Google in breach of privacy law
Google's accidental collection of personal data as part of its Street View project has been branded a "serious violation" of privacy laws.
The Canadian privacy commissioner found that the incident was the result of "an engineer's careless error", which saw rogue code accidentally added to Street View software.
It has called on Google to tighten up its privacy rules by February or face further action.
Google has apologised for the error.
"We are profoundly sorry for having mistakenly collected payload data from unencrypted networks," Google said in a statement.
"As soon as we realised what had happened, we stopped collecting all wi-fi data from our Street View cars and immediately informed the authorities."
It follows the conclusion of an investigation by the Canadian privacy commissioner, Jennifer Stoddart.
"Our investigation shows that Google did capture personal information - and, in some cases, highly sensitive personal information such as complete e-mails, e-mail addresses, usernames and passwords," she said.
"This incident was a serious violation of Canadians' privacy rights," she concluded.
The investigation found that thousands of Canadians were affected by the incident and that some very sensitive data, including a list of names of people suffering from certain medical conditions, and telephone numbers and addresses, was collected.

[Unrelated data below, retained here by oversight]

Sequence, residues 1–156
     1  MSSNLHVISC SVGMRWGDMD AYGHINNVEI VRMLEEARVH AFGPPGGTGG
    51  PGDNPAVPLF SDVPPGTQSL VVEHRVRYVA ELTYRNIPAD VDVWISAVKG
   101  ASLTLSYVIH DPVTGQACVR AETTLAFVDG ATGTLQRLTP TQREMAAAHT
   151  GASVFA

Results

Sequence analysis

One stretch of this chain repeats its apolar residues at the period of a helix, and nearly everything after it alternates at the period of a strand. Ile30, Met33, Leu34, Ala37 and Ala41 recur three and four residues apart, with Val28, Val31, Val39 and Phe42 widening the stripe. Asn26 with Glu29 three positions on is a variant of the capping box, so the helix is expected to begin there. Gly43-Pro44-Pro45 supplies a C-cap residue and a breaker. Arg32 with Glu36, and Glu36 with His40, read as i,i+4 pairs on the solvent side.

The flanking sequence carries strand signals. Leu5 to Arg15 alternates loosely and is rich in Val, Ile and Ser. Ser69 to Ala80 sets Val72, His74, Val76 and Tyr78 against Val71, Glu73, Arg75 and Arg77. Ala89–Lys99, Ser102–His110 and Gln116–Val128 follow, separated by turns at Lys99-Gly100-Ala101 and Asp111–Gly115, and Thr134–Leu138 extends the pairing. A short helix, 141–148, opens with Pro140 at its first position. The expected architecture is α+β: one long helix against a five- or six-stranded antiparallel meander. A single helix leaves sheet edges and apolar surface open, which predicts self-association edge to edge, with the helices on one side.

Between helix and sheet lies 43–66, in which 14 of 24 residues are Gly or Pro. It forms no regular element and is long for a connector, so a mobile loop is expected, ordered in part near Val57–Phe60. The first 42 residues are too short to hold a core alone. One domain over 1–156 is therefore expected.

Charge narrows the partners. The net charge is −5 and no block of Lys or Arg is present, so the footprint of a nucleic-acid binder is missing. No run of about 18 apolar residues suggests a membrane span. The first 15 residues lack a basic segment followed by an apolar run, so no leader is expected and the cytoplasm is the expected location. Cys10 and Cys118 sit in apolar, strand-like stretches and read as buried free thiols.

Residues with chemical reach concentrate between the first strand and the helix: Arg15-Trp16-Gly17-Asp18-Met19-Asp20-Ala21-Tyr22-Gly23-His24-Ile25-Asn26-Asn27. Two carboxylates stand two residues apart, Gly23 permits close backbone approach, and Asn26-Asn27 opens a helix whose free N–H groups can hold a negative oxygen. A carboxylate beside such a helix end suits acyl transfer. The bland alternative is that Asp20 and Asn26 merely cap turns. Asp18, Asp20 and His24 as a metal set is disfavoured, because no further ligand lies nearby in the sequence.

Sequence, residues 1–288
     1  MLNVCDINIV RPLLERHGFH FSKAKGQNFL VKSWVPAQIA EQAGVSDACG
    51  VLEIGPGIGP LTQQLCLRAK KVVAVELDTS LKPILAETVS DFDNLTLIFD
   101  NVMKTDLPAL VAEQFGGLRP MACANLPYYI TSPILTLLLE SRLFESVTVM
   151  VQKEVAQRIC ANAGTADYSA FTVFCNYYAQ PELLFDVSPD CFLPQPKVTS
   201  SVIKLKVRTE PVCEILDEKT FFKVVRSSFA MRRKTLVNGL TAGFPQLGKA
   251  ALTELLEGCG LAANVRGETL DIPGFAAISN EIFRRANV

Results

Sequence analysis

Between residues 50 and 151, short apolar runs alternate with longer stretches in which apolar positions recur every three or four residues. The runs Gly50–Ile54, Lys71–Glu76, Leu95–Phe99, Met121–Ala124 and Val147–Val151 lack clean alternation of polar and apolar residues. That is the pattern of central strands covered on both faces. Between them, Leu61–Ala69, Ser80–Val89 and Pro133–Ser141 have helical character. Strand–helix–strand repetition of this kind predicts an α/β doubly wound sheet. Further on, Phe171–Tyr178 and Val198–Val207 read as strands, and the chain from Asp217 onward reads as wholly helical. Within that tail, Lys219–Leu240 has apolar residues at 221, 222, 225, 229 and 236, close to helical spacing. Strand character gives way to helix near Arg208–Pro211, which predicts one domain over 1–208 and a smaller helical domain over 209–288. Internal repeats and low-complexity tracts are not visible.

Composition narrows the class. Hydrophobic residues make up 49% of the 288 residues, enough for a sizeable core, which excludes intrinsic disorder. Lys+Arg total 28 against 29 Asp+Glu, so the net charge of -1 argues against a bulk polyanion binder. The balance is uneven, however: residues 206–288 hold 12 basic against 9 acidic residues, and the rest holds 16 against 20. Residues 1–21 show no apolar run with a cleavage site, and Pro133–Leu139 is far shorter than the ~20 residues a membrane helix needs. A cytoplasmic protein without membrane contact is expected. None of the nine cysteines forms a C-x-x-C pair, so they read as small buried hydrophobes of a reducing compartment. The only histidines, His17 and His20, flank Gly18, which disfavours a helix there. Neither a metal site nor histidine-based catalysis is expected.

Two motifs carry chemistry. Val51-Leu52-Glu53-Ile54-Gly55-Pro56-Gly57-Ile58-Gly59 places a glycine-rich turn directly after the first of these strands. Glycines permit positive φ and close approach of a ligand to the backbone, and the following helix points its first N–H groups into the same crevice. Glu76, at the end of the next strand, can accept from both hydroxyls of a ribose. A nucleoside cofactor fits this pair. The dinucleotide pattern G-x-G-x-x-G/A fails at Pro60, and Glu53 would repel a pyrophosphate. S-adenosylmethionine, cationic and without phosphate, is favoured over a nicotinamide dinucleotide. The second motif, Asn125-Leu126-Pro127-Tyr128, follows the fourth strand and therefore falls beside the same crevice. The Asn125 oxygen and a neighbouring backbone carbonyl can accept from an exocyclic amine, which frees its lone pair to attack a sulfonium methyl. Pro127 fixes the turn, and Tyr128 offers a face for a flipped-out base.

Google said that it had "been working with the Office of the Privacy Commissioner in its investigation and will continue to answer the commissioners questions and concerns".
The rogue code, which collected thousands of e-mail addresses and other personal information from unsecured wireless networks, was developed in 2006 by a Google engineer taking advantage of the search giant's policy of allowing its engineers to use 20% of their time to work on projects of interest to them.
The Canadian investigation found that the engineer developed the code to sample all categories of publicly broadcast wi-fi.
The code was incorporated in the Google Street View cars when the firm decided to collect information about the location of public wi-fi spots in order to feed this information into its location-based services database.
When the decision to use the code was taken the engineer said it created "superficial privacy implications", but these were never assessed by other Google officials.
The Commissioner recommended that Google enhance its privacy training among all employees.
It also called on Google to ensure that it has the necessary procedures to protect privacy before products are launched.
It must also delete all the Canadian data it collected.
If Google complies with these demands, it will face no further action, Ms Stoddart said.
Google is under similar investigation in other countries including the US, Australia and Germany.
Privacy International has said the search giant may face prosecution over the incident.
The Canadian privacy commissioner has been particularly active over the issue of privacy and has recently concluded an investigation of Facebook.